'Journalists' without borders
By Michelle Malkin
Published: Sunday, April 7, 2013, 9:00 p.m.
Last Tuesday, The Associated Press announced that it is banishing the phrase “illegal immigrant” from its famous stylebook. The world's largest news-gathering outlet now advises reporters that “illegal” will “only refer to an action, not a person.”
AP explains that it wants to stop labeling people. Ha! This is the same organization that employs journalists who have repeatedly shown naked bias against tea partyers, gun owners and pro-life activists.
Just a few years ago, the AP resisted open-borders demands and the pressure of political correctness in favor of precision. In 2010, a member of the “Diversity Committee” of the Society of Professional Journalists argued that foreign lawbreakers should be labeled “undocumented workers” or “undocumented immigrants.”
But the idea that “undocumented workers” and “undocumented immigrants” are more objective labels than “illegal immigrants” is complete and utter nonsense. The euphemisms that mainstream “journalists” favor are far more politically loaded than the ones they're trying to replace.
It's a farce to call someone an “undocumented immigrant” whose pockets are overflowing with fraudulent documents — and that is usually the case with many of the suspected illegals featured in AP stories. At the time, the AP agreed.
So what changed? “Journalist” Kathleen Carroll, AP's executive editor, attributes the move to the “evolving” English language. I attribute it to the “evolving” transformation of once-neutral news organizations into brazenly transparent satellite lobbying outfits for the left.
It's not media bias that's the problem, of course. It's the sanctimonious pretense of objectivity to which these alleged practitioners of journalism cling.
Just look at the ABC News coverage of the AP's decision. “Journalist” Cristina Costantini praised the move and patted her own colleagues on the back for their progressivism. “Fusion, the ABC-Univision joint venture, does not use ‘illegal immigrant' because we believe it dehumanizes those it describes and we find it to be linguistically inaccurate.” On her Twitter account, “journalist” Costantini gushed that AP's capitulation came “thanks to the hard work of great people” such as Jose Antonio Vargas.
The former Washington Post reporter spearheaded the whitewashing of our language and our laws on behalf of illegal aliens. In 2011, with great fanfare and elite media sympathy, Vargas publicly declared himself an “undocumented immigrant.” Except, as he himself confessed, Vargas had documents coming out of his ears — including a fake passport with a fake name, a fake green card and a Social Security card his grandfather doctored for him at a Kinko's.
Open-borders euphemisms championed by Vargas and others once again serve as the perfect illumination of the agenda-driven, dominant progressive media. They're as activist inside their newsrooms as Vargas is out in the open. Vargas won't rest until the legal definition of American citizenship is obliterated. And neither will his “journalist” colleagues cheering him on.
Michelle Malkin is the author of “Culture of Corruption: Obama and his Team of Tax Cheats, Crooks and Cronies” (Regnery 2009).
Show commenting policy
TribLive commenting policy
You are solely responsible for your comments and by using TribLive.com you agree to our Terms of Service.
We moderate comments. Our goal is to provide substantive commentary for a general readership. By screening submissions, we provide a space where readers can share intelligent and informed commentary that enhances the quality of our news and information.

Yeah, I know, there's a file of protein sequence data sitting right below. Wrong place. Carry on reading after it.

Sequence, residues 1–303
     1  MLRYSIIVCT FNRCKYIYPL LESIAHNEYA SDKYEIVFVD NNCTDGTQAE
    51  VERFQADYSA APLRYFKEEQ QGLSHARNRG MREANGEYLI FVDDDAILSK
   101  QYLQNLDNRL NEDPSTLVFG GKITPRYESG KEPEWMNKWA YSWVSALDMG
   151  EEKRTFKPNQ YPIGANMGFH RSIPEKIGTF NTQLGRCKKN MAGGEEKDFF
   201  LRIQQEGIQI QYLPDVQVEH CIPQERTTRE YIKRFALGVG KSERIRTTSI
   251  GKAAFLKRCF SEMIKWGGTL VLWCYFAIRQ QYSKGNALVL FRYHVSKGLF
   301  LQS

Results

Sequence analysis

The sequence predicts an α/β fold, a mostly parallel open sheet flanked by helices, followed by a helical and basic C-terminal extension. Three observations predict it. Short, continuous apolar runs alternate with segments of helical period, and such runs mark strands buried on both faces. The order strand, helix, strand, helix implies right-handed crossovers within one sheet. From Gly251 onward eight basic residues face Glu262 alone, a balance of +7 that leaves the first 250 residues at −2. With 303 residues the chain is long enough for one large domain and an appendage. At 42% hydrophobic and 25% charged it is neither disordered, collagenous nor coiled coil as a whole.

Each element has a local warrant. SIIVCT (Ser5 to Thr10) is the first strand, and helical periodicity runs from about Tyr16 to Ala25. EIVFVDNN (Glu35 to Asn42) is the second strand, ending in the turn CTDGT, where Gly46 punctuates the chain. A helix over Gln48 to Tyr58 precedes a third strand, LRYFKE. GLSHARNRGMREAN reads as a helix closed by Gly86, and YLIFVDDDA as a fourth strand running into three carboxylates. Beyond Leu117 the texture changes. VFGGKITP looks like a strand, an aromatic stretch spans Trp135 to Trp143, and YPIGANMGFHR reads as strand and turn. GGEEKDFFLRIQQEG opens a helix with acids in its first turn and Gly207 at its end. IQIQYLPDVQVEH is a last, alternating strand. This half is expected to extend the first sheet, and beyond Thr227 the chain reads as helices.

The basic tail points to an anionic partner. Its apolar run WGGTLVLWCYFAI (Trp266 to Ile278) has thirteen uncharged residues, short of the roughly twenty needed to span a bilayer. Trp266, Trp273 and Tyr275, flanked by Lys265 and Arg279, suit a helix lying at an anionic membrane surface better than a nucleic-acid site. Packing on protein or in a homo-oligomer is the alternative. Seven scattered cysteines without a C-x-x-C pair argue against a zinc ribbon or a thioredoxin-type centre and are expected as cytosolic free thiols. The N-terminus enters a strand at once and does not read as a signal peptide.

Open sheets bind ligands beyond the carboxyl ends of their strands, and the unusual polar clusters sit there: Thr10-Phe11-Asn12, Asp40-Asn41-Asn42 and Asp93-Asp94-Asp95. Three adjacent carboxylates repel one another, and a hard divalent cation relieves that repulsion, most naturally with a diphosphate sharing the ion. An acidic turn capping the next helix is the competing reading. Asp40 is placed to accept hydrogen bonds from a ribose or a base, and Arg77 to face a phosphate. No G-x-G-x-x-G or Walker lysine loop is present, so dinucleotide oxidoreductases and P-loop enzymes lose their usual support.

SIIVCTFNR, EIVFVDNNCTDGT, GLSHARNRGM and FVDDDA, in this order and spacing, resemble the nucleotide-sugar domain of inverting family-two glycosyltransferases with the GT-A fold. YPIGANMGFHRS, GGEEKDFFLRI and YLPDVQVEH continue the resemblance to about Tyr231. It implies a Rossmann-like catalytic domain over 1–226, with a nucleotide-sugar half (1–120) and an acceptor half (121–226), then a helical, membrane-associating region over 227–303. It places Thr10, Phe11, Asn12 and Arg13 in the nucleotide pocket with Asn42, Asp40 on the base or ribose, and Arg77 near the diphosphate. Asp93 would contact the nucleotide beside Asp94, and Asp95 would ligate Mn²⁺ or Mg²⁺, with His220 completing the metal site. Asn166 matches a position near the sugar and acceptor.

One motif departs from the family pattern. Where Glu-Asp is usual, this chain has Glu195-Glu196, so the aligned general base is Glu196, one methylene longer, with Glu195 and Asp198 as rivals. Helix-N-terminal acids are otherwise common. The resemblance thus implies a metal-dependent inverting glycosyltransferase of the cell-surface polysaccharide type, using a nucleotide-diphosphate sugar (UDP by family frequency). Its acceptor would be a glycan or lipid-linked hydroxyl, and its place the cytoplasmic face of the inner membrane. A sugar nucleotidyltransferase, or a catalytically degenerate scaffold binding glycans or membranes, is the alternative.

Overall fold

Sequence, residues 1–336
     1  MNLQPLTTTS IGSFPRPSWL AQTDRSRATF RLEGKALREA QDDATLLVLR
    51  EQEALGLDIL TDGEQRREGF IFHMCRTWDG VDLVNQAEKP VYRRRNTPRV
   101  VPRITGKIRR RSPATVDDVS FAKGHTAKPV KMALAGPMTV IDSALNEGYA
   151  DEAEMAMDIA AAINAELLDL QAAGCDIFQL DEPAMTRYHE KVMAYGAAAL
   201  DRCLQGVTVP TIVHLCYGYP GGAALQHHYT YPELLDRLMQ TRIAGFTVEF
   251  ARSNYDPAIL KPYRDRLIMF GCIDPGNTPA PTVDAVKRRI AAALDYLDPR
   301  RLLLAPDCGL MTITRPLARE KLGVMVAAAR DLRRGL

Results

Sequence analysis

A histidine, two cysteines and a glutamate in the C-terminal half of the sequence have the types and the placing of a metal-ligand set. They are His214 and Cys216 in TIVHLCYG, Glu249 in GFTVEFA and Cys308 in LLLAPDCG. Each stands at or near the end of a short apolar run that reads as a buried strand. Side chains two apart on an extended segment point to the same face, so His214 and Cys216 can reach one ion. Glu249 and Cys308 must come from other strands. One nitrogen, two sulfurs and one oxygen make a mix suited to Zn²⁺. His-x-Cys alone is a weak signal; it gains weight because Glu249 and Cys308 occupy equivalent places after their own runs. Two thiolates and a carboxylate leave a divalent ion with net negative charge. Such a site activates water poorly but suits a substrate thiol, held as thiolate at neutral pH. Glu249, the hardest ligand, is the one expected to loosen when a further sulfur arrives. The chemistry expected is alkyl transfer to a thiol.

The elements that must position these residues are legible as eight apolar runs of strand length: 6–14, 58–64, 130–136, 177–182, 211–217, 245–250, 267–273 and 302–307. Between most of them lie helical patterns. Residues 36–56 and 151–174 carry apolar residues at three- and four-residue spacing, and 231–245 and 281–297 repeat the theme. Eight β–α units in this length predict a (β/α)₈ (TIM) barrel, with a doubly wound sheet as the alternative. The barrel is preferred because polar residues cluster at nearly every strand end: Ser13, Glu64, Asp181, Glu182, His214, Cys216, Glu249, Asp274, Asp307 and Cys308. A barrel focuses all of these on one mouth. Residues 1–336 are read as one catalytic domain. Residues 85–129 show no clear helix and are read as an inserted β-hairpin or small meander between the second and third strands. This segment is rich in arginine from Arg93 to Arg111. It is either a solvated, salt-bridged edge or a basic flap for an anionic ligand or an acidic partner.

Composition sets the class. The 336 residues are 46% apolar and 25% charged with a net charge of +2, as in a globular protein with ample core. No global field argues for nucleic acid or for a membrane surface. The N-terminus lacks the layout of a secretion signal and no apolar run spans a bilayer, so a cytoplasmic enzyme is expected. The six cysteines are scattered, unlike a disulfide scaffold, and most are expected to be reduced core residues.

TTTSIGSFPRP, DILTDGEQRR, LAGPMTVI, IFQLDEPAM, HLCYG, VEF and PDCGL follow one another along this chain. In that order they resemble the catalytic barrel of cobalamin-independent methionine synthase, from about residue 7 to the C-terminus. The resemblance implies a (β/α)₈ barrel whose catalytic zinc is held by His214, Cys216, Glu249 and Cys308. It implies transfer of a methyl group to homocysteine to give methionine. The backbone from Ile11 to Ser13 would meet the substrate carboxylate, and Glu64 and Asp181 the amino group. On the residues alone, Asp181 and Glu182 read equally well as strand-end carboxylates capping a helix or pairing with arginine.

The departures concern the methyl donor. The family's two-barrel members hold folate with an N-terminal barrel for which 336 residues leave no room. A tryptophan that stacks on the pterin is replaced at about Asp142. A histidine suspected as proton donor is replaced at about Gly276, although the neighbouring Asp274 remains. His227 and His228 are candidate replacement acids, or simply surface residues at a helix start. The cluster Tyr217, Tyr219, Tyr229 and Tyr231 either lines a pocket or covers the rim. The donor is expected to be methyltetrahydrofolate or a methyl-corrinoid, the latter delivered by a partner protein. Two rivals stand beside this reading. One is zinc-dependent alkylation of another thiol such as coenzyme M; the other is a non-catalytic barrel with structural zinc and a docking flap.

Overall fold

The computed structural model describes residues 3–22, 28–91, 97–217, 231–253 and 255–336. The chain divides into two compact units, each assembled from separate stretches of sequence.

While most comments will be posted if they are on-topic and not abusive, moderating decisions are subjective. We will make them as carefully and consistently as we can. Because of the volume of reader comments, we cannot review individual moderation decisions with readers.
We value thoughtful comments representing a range of views that make their point quickly and politely. We make an effort to protect discussions from repeated comments either by the same reader or different readers.
We follow the same standards for taste as the daily newspaper. A few things we won't tolerate: personal attacks, obscenity, vulgarity, profanity (including expletives and letters followed by dashes), commercial promotion, impersonations, incoherence, proselytizing and SHOUTING. Don't include URLs to Web sites.
We do not edit comments. They are either approved or deleted. We reserve the right to edit a comment that is quoted or excerpted in an article. In this case, we may fix spelling and punctuation.
We welcome strong opinions and criticism of our work, but we don't want comments to become bogged down with discussions of our policies and we will moderate accordingly.
We appreciate it when readers and people quoted in articles or blog posts point out errors of fact or emphasis and will investigate all assertions. But these suggestions should be sent via e-mail. To avoid distracting other readers, we won't publish comments that suggest a correction. Instead, corrections will be made in a blog post or in an article.
- Serra Catholic High School friary to house foreign students
- McKeesport student to celebrate Jackie Robinson’s legacy
- Pens insider: Penalty killing a concern in Stanley Cup playoffs
- Kovacevic: Panic over Pirates? In April?
- Panthers pulling weight for new strength coach
- Undersized rookie Gibbons is blur on ice for Penguins
- Penn State has hand in discovery of most Earth-like planet yet
- Murrysville woman sues Giant Eagle over burns
- Patience pays off as starting pitcher Volquez gets 1st win for Pirates
- Pirates notebook: Tabata OK’d to return to play
- New Kensington police decline to identify stabbing victims amid investigation